WASHINGTON (AP) – Just two days before Columbia’s mysterious breakup during its fiery descent, a safety engineer warned by e-mail about risks of “catastrophic” failures from extreme heat causing the shuttle’s tires to burst inside the spacecraft, NASA disclosed yesterday.
Engineer Robert Daugherty, responding to a query from Johnson Space Center, cautioned NASA colleagues in remarkably strident language that damage to delicate insulating tiles near Columbia’s landing gear door could cause one or more tires inside to burst, perhaps ending with catastrophic failures that would place the seven astronauts “in a world of hurt.”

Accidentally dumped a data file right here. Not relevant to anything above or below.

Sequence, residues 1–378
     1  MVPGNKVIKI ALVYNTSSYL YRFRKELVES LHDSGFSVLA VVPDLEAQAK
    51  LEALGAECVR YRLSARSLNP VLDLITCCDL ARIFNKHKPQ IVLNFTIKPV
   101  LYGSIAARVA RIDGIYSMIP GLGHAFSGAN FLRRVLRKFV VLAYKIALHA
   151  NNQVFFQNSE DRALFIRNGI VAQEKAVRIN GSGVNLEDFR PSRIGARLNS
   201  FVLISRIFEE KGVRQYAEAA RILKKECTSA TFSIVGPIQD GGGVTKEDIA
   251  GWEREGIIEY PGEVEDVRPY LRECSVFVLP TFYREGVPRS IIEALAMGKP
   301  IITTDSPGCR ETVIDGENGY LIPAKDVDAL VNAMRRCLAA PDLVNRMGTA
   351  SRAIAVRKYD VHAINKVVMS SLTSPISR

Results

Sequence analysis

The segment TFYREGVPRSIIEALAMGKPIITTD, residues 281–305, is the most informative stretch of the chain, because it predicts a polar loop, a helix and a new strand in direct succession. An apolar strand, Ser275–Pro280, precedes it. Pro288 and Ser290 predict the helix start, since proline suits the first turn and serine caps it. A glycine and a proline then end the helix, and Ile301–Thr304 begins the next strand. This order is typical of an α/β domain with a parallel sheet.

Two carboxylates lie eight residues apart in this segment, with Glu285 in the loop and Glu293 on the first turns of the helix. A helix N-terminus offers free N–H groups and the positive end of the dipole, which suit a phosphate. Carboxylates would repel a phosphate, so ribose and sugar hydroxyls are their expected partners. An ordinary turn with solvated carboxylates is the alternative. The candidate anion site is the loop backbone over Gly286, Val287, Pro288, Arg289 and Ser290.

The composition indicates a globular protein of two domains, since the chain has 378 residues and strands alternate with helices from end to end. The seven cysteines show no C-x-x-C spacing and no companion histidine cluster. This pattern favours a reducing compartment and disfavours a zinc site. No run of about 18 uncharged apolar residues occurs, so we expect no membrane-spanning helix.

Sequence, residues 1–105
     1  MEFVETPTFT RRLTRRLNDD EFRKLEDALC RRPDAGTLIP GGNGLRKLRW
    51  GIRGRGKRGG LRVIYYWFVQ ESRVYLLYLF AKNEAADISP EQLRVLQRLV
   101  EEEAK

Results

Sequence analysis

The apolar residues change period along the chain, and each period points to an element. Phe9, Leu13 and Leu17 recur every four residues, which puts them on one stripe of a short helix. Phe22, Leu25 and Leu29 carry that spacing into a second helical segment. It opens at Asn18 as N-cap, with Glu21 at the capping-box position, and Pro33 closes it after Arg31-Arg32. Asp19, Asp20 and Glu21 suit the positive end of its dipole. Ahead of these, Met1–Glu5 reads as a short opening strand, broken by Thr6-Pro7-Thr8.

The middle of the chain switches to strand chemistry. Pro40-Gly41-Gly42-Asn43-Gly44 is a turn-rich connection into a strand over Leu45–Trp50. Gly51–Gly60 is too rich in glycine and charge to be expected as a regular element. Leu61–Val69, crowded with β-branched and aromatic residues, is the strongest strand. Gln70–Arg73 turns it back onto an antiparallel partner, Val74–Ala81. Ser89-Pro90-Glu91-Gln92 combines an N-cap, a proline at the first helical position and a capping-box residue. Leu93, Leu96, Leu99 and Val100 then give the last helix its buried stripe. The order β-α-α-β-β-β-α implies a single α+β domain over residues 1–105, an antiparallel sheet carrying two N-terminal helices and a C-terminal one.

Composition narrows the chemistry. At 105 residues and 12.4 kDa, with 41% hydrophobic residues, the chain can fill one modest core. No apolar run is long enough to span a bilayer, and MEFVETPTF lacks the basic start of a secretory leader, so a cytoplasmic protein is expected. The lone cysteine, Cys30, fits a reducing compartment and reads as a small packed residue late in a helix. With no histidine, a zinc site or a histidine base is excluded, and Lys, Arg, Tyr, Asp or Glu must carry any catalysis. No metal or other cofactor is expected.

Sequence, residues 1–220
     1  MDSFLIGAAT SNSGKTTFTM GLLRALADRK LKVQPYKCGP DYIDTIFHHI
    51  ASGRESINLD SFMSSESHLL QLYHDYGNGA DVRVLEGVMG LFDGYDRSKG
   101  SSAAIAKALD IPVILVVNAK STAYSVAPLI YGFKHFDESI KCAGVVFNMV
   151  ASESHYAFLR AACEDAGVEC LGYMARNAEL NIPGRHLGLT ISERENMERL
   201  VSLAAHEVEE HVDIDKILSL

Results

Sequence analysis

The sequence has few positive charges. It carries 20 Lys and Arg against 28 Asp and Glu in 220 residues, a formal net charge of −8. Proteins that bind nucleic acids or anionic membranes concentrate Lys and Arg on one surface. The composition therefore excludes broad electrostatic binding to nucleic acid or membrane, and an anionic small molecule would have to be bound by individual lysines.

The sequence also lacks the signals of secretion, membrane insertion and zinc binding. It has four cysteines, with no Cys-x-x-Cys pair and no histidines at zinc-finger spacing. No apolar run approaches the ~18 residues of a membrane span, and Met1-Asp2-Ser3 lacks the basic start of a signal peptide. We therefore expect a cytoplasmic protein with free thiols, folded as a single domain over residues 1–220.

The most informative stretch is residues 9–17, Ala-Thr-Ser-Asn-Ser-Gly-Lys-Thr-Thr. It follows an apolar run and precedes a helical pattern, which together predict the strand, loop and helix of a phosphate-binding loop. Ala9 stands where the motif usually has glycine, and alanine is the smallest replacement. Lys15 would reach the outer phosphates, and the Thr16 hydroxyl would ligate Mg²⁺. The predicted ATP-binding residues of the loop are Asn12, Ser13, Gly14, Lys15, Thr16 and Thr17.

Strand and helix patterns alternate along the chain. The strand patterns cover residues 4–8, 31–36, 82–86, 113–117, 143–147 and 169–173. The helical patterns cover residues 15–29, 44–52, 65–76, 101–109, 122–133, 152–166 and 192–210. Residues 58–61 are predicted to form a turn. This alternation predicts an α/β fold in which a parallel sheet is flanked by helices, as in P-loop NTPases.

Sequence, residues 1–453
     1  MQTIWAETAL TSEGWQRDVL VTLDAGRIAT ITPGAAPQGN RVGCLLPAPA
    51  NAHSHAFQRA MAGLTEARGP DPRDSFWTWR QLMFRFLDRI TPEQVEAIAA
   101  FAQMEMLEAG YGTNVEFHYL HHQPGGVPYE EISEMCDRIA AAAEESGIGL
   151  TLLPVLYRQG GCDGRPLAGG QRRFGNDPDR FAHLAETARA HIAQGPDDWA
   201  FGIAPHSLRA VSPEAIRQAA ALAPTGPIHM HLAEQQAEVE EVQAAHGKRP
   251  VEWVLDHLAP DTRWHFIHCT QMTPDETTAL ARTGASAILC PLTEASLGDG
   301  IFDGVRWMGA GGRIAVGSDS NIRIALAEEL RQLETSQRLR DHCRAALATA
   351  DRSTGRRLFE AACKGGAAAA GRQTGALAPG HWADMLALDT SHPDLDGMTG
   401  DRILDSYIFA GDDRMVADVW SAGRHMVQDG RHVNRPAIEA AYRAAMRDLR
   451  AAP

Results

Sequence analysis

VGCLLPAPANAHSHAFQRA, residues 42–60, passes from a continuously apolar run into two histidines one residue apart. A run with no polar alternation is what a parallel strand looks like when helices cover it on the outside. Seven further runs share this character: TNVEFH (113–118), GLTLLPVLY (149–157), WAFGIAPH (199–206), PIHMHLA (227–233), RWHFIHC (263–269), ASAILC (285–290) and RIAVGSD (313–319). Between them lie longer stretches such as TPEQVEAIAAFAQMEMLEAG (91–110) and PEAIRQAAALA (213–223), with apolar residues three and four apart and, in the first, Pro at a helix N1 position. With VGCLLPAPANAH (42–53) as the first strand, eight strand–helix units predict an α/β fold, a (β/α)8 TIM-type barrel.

Such an explosion inside Columbia’s belly, Daugherty predicted, could blow out the gear door and expose the shuttle’s unprotected innards to searing temperatures as it raced through earth’s atmosphere.
Even if astronauts survived the heat, the blast could damage critical systems inside the wheel compartment, prevent the landing gear on one side from lowering, necessitate a risky belly landing or force the crew to bail out, he wrote.
Bailing out would be “not a good day,” he wrote. But attempting to fly the shuttle with only one side’s landing gear lowered would be worse: “You’re finished.”